Medication errors contribute substantially to unsafe hospital and ambulatory environments. The Institute of Medicine estimates that on average each hospitalized patient experiences 1 medication error per day.1
Medication errors contribute substantially to unsafe hospital and ambulatory environments. The Institute of Medicine estimates that on average each hospitalized patient experiences 1 medication error per day.1 Strategies to make the complicated process of medication administration less prone to error have included bar code systems, as I mention on page 665 of the article, “Unexplained Hypoglycemia: A Focused Approach to Finding the Cause,” in this issue.
The bar code system safely integrates the specific patient’s record with the prescribed drug and matches the patient with the correct drug, dose, route of administration, and timing interval. Previous studies have demonstrated that bar coding can reduce both dispensing and administration errors.2,3 However, medication safety has become such a complex issue that there is no quick, durable fix-not even bar code systems.
DANGERS POSED BY “WORKAROUNDS”
Recently, investigators discovered “workarounds” with the bar code system that can endanger patients’ safety.4 In the study, bar code systems sensed a problem with medication administration in about 4% of patients in the cohort, which accounted for approximately 10% of all the medications given. Rather than address the problem with the bar code sensor per se, working around the discrepancy saved valuable time. For example, a bar code “match” between a patient and a drug should be reviewed by a second person, usually a nurse, but this check and balance delays an often frenetic schedule. Or, the medication code might be scanned from the drug to be administered, but the patient’s code would not be. In those instances, it might be that the patient’s code on her wristband was damaged by body fluids or was inaccessible because she was sleeping.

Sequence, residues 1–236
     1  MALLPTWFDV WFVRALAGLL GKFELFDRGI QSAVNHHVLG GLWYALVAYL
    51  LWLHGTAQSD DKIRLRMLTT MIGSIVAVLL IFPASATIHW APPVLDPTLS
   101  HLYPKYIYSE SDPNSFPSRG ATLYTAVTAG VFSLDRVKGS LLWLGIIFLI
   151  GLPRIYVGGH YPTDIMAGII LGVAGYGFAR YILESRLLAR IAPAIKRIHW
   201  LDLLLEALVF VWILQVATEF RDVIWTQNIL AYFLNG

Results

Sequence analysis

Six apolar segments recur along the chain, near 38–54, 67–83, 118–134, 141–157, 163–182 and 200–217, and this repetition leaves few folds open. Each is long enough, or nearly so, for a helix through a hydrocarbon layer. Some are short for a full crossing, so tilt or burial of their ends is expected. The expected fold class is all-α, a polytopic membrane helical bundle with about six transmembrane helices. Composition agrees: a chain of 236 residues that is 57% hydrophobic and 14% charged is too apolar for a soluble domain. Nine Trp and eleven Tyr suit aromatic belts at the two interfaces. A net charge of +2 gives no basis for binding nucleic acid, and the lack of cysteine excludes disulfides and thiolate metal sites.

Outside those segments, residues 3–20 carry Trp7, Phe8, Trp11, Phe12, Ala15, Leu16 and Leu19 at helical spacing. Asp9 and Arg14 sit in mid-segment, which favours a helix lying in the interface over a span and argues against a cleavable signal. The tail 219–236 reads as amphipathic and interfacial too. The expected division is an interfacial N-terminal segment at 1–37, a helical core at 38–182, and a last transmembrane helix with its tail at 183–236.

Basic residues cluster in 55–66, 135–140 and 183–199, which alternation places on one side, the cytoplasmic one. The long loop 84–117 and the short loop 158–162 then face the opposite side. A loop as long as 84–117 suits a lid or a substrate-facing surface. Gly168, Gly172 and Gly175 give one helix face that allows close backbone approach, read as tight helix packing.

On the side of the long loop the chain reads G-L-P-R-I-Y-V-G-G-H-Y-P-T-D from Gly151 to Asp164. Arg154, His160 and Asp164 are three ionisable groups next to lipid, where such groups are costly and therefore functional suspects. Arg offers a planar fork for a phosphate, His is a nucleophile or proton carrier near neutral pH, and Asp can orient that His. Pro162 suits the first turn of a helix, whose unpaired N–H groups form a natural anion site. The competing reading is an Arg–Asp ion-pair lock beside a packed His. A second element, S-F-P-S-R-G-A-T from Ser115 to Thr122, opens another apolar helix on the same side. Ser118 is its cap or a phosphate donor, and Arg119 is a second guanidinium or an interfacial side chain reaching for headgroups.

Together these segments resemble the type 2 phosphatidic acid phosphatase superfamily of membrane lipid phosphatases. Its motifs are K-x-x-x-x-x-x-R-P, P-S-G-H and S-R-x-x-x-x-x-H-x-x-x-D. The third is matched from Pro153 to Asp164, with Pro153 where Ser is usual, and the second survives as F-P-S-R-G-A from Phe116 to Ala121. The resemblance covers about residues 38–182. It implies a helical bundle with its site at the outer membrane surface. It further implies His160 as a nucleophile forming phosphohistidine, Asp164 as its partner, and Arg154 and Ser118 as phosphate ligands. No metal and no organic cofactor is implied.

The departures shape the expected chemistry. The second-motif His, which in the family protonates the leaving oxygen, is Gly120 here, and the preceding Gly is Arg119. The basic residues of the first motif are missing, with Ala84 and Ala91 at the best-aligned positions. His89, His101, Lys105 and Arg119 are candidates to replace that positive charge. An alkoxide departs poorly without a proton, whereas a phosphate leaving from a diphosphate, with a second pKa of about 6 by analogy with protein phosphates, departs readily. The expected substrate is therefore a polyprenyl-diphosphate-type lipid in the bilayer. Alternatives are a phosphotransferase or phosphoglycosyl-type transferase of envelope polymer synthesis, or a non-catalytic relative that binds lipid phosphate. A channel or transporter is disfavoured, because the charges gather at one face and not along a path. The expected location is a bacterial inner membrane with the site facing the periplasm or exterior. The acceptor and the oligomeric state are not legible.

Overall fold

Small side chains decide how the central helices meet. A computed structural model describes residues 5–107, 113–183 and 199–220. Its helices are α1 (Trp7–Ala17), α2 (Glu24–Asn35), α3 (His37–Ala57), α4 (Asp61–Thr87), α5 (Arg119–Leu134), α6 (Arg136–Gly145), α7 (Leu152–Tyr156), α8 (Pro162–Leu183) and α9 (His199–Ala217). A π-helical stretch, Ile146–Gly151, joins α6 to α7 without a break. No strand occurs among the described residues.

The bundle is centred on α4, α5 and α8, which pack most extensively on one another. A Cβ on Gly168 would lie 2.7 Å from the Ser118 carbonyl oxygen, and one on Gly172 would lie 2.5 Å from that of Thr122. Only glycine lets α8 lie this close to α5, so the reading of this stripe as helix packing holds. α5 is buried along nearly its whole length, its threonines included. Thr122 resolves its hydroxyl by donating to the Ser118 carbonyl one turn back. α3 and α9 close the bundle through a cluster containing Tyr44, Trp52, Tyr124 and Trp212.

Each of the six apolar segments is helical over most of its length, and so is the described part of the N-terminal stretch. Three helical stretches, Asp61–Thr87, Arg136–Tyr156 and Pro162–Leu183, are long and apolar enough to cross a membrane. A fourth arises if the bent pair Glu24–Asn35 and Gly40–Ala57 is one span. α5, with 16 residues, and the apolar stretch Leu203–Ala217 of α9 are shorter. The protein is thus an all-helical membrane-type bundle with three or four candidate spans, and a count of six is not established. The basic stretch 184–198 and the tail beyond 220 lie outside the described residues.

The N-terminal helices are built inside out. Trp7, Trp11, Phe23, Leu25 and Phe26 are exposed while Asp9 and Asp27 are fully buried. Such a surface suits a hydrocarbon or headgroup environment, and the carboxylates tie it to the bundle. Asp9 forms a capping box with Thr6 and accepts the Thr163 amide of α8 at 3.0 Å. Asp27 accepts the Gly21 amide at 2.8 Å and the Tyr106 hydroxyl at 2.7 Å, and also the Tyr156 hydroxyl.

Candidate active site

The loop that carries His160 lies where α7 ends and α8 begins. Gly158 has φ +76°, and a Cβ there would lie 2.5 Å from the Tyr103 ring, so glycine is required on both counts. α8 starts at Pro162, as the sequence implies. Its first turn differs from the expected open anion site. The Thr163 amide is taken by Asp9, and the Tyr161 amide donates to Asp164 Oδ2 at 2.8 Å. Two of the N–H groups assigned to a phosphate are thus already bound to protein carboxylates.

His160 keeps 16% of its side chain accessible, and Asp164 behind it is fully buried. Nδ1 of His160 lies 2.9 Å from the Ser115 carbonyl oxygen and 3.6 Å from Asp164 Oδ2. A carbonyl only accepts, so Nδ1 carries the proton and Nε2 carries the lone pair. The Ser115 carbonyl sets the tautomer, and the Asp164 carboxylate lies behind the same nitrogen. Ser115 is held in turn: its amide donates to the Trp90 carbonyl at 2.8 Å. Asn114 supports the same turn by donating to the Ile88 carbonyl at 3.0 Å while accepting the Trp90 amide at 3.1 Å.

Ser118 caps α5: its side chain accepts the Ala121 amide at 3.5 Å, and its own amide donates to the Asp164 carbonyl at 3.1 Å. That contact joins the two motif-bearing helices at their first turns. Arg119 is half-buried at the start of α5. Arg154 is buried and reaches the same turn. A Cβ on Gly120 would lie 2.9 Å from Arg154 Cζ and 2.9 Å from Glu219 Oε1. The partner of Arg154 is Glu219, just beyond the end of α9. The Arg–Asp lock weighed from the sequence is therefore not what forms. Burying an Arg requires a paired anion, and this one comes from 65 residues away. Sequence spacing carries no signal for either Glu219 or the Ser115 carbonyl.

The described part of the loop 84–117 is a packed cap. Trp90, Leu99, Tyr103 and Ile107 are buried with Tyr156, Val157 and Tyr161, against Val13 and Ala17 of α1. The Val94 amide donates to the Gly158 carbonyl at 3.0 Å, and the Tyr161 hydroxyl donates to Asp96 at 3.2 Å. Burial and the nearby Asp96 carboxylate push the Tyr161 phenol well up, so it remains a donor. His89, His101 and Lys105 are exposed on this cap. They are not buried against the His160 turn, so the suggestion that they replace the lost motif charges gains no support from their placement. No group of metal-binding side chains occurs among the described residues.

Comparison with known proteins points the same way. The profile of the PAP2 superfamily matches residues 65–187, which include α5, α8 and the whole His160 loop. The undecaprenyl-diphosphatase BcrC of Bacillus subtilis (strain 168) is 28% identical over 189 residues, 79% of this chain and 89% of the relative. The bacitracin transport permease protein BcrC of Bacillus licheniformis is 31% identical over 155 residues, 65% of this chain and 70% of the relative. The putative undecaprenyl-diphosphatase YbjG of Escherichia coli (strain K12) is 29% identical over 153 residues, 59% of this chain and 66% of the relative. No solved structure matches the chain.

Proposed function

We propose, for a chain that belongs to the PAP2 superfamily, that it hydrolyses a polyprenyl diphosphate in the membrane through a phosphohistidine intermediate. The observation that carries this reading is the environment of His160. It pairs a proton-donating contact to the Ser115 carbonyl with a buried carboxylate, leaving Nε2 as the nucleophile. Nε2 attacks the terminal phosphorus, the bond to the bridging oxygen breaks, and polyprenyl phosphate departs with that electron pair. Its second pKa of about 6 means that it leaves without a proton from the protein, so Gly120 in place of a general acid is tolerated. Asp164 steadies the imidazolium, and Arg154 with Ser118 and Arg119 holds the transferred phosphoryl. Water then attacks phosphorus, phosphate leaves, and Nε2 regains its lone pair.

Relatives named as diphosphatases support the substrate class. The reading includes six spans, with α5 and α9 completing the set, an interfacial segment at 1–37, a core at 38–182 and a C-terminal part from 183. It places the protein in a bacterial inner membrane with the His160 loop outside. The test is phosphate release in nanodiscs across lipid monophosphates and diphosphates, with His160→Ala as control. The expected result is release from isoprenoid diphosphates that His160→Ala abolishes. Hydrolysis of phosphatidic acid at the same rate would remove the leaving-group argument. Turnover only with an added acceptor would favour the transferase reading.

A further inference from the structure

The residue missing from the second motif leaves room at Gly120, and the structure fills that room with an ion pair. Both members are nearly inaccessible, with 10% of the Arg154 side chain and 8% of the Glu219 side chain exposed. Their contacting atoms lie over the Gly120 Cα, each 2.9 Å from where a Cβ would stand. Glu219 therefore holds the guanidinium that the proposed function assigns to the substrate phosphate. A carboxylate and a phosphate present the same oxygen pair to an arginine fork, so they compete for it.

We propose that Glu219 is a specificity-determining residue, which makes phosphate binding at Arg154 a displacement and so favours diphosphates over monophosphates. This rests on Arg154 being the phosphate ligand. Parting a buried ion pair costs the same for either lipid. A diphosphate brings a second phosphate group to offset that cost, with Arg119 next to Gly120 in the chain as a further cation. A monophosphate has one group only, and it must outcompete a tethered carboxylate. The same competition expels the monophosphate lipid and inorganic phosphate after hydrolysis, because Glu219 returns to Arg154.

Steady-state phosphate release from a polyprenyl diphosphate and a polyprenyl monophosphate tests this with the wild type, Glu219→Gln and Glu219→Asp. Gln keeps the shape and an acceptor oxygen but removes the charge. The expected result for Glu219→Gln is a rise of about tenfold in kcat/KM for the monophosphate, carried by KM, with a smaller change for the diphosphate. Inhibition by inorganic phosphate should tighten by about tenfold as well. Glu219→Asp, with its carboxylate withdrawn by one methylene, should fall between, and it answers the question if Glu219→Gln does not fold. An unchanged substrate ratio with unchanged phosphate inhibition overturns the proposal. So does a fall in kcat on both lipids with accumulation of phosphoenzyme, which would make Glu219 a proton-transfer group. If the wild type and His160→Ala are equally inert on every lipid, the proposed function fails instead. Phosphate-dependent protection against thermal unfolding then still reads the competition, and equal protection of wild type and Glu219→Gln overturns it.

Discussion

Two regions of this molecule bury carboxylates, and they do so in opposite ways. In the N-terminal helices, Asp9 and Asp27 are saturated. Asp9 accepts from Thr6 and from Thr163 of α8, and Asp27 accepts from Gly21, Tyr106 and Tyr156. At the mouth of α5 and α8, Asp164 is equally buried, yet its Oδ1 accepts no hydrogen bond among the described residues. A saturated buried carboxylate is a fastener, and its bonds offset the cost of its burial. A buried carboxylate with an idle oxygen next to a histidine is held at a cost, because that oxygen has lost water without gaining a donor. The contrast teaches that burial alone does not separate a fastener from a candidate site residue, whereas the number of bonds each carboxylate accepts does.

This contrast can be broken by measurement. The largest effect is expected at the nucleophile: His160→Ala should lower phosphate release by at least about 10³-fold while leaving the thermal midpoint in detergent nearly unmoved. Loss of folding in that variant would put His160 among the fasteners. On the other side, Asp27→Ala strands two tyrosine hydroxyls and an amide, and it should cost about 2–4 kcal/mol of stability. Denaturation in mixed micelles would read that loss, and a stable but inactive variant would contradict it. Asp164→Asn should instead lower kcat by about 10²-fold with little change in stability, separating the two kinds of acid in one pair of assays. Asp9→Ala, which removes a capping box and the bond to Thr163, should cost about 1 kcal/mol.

What might happen as a result of the workaround? The wrong medication may be given to the patient and thus lead to a serious adverse event or even possibly death. In total, the investigators discovered 15 different workarounds, all with the potential to be associated with a medication error. The authors felt that the workflow usual in a busy hospital environment-the rush, stress, and contracted time frame-was likely to encourage timesaving workarounds.
PATIENT-AND MEDICATION-SAFETY: STILL JOB ONE
Patient safety is a paramount issue and is part and parcel of the debate surrounding health care reform. Errors do not occur because of “bad” people but rather because good people are working in a flawed system. The costs underlying the present system are inflated by the complications of medication errors-mistakes that increase length of stay, lead to other disabilities, and fuel a litigious society. Medication safety is a substantive part of the safety debate. Even though bar codes are not a perfect answer, all of us should support their implementation along with other critical safety features (such as a pharmacist on rounds). But this study also cautions us not to rest easy with these efforts alone. There is still much to be done to ensure the safety of our patients.
1. Institute of Medicine. Preventing Medication Errors. Washington, DC:The National Academies Press; 2007.
2. Poon EG, Cina JL, Churchill W, et al. Medication dispensing errors andpotential adverse drug events before and after implementing bar code technologyin the pharmacy. Ann Intern Med. 2006;145:426-434.
3. Johnson CL, Carlson RA, Tucker CL, Willette C. Using BCMA software toimprove patient safety in Veterans Administration Medical Centers. J Healthc InfManag. 2002;16:46-51.
4. Koppel R, Wetterneck T, Telles JL, Karsh BT. Workarounds to barcode medicationadministration systems: their occurrences, causes, and threats to patientsafety. J Am Med Inform Assoc. 2008;15:408-423.